The 2014 Boston Marathon: This Is the United States

2014 was an epic comeback year for the historic Boston Marathon.

Apr 22, 2014 at 2:14PM

To support the victims of the 2013 Boston Marathon bombing, you can contribute to the One Fund Boston.

Imag
The Boston Marathon finish line.

On April 15 of 2013, two improvised bombs ripped through the finish line at the Boston Marathon. The bombs killed three and injured hundreds of others.

Fast forward one year and for Bostonites and hundreds of thousands of runners and fans, the theme of the 2014 Boston Marathon was "taking back the finish line." Boston did exactly that, and in the process reminded me what the United States of America is all about.

I ran the 2013 Boston Marathon and had the nerve-wracking experience of having to track down my mother after the bombs went off. She was also running the race and was a mile from the finish line when hell broke loose. We, along with my fellow Fool Seth Jayson, were all amazingly fortunate to be unharmed.

We all came back for the 2014 Boston Marathon. We couldn't not come back.

In 2014 we saw first hand the resilience of the Boston community. We saw the resilience of the worldwide running community. And we saw the resilience of the entire U.S. as runners and spectators flocked from all over the country to take part in what was truly an historic event.

To be sure, there were echoes of 2013. Visible security measures -- from National Guard presence to bomb-sniffing dogs at nearly every corner -- were vastly increased, and undercover police were everywhere. Spectators were distanced a bit more from the runners and items like backpacks were prohibited for both runners and fans.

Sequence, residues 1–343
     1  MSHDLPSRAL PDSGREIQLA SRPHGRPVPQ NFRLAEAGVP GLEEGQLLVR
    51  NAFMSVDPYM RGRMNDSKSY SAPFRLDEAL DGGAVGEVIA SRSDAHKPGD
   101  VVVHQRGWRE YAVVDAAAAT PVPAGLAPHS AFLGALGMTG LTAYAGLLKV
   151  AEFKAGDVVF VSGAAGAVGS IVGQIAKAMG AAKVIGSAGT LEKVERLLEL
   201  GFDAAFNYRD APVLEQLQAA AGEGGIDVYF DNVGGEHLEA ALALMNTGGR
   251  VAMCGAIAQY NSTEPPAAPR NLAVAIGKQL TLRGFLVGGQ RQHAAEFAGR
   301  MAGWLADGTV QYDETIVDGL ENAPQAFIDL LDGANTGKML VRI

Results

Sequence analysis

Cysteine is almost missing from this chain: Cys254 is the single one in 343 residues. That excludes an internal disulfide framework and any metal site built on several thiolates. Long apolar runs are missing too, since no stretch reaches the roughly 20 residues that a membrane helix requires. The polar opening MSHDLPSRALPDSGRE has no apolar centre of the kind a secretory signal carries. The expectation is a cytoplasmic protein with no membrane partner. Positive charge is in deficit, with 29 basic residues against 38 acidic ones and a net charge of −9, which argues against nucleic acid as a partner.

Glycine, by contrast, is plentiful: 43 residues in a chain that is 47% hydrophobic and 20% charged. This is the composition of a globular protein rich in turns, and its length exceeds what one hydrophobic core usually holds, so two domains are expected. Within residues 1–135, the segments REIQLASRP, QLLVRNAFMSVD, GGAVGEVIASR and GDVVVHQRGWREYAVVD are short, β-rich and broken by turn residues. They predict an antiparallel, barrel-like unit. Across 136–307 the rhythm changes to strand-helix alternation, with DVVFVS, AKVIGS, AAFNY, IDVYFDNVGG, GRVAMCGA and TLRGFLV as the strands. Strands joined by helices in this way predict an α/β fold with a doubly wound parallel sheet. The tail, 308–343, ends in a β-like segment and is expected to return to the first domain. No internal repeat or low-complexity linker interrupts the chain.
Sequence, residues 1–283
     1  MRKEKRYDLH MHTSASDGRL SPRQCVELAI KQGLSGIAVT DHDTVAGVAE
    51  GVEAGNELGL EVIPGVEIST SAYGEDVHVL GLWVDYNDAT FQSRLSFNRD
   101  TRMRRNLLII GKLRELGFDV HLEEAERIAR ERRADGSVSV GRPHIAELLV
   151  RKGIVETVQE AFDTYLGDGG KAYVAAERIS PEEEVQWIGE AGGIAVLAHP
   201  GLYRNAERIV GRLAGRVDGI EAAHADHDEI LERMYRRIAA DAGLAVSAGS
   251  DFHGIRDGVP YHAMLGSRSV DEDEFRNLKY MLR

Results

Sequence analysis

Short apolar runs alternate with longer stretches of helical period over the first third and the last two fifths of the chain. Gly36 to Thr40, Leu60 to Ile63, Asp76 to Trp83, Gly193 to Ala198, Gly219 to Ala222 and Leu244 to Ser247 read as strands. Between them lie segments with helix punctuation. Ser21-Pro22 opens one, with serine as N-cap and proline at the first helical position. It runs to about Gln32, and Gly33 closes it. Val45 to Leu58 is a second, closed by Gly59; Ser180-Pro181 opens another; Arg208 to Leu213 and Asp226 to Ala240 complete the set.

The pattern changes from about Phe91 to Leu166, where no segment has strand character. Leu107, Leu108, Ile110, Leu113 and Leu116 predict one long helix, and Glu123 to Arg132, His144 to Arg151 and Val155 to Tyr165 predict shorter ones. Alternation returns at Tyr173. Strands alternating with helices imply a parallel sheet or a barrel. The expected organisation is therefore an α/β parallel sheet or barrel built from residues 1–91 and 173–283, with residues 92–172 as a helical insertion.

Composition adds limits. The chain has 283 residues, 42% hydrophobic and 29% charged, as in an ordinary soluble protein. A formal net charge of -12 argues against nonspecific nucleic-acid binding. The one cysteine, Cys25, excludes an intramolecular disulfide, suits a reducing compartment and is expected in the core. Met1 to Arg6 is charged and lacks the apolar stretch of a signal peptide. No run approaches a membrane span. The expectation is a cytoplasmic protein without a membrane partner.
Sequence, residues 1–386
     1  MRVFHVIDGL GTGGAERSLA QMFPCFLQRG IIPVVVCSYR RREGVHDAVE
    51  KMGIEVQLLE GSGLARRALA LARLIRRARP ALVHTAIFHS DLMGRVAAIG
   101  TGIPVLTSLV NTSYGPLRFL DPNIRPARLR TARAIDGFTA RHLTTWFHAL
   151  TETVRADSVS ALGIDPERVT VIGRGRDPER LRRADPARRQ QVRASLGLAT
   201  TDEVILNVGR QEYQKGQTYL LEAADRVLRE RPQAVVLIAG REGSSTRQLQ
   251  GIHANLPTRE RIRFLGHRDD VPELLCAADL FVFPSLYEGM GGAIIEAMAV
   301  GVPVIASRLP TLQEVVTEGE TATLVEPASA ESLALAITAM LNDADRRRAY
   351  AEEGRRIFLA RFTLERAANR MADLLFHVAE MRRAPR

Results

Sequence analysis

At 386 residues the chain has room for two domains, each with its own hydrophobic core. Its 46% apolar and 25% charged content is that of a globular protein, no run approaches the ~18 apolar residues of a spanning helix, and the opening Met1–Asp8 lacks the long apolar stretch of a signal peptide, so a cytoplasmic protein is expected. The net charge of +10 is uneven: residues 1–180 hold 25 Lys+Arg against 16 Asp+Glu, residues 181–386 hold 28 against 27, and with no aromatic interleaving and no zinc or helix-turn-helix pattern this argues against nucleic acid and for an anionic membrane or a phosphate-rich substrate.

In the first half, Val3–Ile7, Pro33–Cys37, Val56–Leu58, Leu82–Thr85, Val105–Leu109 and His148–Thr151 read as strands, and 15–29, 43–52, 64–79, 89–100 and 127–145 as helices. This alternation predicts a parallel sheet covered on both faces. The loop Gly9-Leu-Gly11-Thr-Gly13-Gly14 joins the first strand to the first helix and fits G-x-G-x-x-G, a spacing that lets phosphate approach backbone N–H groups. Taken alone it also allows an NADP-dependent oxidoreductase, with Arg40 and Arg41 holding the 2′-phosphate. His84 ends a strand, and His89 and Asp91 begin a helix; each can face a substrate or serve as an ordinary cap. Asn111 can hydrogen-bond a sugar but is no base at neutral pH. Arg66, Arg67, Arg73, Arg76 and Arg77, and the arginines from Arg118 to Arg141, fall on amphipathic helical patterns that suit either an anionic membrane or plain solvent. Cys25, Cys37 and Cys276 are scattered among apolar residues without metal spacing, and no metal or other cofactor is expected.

But the security only served to encourage even more to participate in the event as an incredible 36,000 runners took part in the race and hundreds of thousands of fans packed the sidewalks from Hopkinton to Boston.

And in an almost unbelievable turn, U.S. runner Meb Keflezighi won the race -- the first time an American has won since 1983. Keflezighi, who's 38 years old, was almost completely overlooked as a real contender.

In the late hours of April 21...
As race volunteers were busy on Boylston street breaking down the area around the finish line, I couldn't help but reflect on everything that had happened -- both in 2013 and 2014.

Perhaps the most heart-breaking aspect of the 2013 attack was the fact that most of those that were killed and injured were not runners, but spectators. They were there to cheer on friends, family, and thousands of strangers that'd pass by on the way to the finish line. They weren't there for a medal. They weren't angling for a "personal best." They were there simply to lend their energy and support to others.

And it's been those spectators, year after year, that have made the Boston Marathon such a special race. From the early miles in Hopkinton, to the "scream tunnel" in Wellesley, the hills of Newton, and the final stretch in Boston, those selfless fans give more than they know to the runners that pass them.

That made the epic spectator turnout in 2014 so awe inspiring.